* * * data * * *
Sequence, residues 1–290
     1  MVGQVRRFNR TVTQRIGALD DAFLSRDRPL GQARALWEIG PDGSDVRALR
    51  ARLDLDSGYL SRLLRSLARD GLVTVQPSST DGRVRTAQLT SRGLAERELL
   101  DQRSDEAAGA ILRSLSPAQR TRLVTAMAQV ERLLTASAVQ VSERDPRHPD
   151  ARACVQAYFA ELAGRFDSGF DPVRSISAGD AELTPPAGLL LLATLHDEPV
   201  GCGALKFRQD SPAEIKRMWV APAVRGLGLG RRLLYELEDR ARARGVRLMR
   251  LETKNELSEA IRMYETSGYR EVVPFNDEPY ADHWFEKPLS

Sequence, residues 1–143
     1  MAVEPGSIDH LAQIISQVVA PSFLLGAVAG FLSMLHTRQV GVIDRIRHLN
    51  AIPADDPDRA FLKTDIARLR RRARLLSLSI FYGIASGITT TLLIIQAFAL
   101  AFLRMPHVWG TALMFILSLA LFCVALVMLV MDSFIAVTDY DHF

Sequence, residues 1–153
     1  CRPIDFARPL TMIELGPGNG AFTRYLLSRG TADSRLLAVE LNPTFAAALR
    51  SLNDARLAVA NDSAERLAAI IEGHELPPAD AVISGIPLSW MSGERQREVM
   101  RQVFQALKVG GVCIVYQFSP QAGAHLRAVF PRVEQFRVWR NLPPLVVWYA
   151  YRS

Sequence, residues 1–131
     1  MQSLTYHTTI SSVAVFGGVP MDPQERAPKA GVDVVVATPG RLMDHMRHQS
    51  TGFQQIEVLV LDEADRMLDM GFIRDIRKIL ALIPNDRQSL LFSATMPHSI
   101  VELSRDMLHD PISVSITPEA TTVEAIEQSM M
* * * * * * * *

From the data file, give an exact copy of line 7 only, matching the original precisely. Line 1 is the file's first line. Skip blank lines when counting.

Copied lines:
   251  LETKNELSEA IRMYETSGYR EVVPFNDEPY ADHWFEKPLS